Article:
Lastly, if you are making business decisions based on inaccurate financial statements, the risks are obvious.
The way to begin to correct this issue is firstly to understand and accept that within your project management and reporting system, there exists two separate processes:
- “Earning revenue” and “incurring costs” each month (regardless of when you get paid or pay). Your accountants and project managers need to capture, manage and report on this monthly.
- “Invoicing customers” and “paying employees and suppliers”. Your accountants need to manage and report monthly on this as a separate process.
From there, begin to create the processes necessary to accurately report monthly project margins. If margins do change, the reasons will be very clear. In order to understand if you need to implement new processes to properly recognize revenue and related expenditures in the applicable periods, I suggest addressing the following:
- Does your provision of services or contract work tend to extend over a longer period of time?
- If so, determine, with the help of your year end accountant, if your revenue recognition policies require the company to recognize revenue on a % completion basis on a portion or all of your revenue. They will know the specific requirements based on the type of work you are doing, your ability to track the progression on each project and how to properly calculate monthly revenue earned,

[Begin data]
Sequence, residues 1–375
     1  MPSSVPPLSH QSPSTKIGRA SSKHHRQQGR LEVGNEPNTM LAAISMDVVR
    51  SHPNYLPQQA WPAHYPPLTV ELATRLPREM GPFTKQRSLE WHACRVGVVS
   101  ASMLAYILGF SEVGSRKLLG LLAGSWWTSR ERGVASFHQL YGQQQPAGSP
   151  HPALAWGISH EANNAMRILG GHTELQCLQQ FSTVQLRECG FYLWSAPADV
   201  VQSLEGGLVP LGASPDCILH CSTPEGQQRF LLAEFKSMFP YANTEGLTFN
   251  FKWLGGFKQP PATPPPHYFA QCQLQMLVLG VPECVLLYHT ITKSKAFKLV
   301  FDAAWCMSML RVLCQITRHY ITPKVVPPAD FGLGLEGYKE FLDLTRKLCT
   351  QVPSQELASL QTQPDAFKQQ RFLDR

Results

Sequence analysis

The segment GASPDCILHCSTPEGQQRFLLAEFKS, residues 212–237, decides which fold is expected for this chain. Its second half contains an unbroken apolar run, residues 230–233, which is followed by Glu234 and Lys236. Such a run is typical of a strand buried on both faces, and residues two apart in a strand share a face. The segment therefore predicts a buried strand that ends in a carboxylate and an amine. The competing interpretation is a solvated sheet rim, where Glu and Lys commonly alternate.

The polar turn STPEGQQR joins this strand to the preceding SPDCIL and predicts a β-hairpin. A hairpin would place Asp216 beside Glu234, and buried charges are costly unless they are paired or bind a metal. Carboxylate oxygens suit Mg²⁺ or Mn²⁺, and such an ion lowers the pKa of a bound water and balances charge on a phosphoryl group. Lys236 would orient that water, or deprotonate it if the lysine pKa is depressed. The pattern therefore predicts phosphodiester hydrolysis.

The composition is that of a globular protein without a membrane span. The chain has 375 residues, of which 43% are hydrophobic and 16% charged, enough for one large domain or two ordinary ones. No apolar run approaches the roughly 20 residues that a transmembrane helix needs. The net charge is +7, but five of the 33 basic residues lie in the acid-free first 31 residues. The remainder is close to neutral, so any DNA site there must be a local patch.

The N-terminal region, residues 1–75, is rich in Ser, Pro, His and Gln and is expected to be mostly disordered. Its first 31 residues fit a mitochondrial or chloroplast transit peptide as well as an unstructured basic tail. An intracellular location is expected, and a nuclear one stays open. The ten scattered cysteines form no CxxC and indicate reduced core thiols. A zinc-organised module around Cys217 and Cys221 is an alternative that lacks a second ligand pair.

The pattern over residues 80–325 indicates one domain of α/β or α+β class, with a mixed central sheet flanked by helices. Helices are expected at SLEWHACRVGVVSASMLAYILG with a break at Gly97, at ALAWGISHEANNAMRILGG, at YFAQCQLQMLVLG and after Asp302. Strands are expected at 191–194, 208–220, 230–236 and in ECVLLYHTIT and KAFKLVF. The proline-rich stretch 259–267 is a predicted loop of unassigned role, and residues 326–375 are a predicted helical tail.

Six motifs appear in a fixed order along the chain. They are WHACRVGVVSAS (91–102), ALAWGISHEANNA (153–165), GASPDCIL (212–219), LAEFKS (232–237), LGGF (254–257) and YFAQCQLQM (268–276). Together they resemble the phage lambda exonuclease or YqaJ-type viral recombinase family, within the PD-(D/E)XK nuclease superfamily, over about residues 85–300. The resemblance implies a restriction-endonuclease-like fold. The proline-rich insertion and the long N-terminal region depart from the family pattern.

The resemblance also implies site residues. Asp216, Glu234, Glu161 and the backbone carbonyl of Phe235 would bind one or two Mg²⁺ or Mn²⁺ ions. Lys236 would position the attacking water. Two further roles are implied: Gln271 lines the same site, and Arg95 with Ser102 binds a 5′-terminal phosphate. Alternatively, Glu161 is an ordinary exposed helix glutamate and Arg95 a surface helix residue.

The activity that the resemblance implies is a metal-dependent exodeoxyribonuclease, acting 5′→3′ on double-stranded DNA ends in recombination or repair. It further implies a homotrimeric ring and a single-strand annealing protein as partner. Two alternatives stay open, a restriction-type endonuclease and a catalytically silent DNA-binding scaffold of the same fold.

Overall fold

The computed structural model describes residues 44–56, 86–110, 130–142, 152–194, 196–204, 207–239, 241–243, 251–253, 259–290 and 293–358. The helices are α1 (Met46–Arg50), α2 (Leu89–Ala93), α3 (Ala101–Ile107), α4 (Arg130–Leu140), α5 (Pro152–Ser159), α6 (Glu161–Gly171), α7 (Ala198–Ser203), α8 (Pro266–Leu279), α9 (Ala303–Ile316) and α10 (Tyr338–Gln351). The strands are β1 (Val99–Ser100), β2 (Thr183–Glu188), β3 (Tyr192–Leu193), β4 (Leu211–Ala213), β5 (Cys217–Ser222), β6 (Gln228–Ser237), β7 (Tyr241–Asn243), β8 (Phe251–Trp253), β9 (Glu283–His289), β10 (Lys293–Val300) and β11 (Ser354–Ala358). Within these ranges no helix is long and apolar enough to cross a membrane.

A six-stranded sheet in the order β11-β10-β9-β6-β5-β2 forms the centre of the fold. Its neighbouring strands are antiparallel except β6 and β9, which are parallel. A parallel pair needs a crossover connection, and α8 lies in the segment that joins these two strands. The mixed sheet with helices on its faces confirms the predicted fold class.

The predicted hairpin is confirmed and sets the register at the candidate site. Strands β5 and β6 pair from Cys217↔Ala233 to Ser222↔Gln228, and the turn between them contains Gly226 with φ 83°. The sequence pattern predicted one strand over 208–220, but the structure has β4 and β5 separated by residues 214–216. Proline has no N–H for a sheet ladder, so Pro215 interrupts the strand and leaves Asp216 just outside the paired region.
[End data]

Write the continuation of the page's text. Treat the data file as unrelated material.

- Are you adhering to this policy only at year end, or quarterly or monthly?
- Are you being paid up front for any material portion of your services or products?
Given the results from above, you will need to develop a management reporting process that will capture at least the following for each project:
- Contract or Project total revenue value,
- Contract or Project start dates and estimated completion dates,
- Total project costs incurred monthly and year to date,
- Change orders and the related costs and scope of work,
- % of costs incurred to date relative to total budget cost (% completed),
- Calculation of monthly revenue “earned” or “recognized” by multiplying the % completed by the project contract revenue value,
- Total $ amount of any payments received in advance from customers, and
- Total $ amount of invoices sent out to customers.
Consider starting with your largest projects (selected by materiality) then add in the smaller projects using the same process once you and your team (project managers and accountants) have the processes acceptably refined.
The importance of understanding the Matching Principle and your Revenue Recognition accounting policy and meeting their requirements is a critical step to ensuring your monthly income statement and balance sheet is accurate. What you should see is a consistent margin percentage on all your projects, month over month. Where margin variations exist, the reasons are easily identified, understood and necessary actions immediately taken. This will also improve knowledge of the financial aspects of project management and perhaps accountability therein.
If you would like further information on what this reporting process could look like or want to discuss further, any one of our advisors would be happy to share our knowledge with you.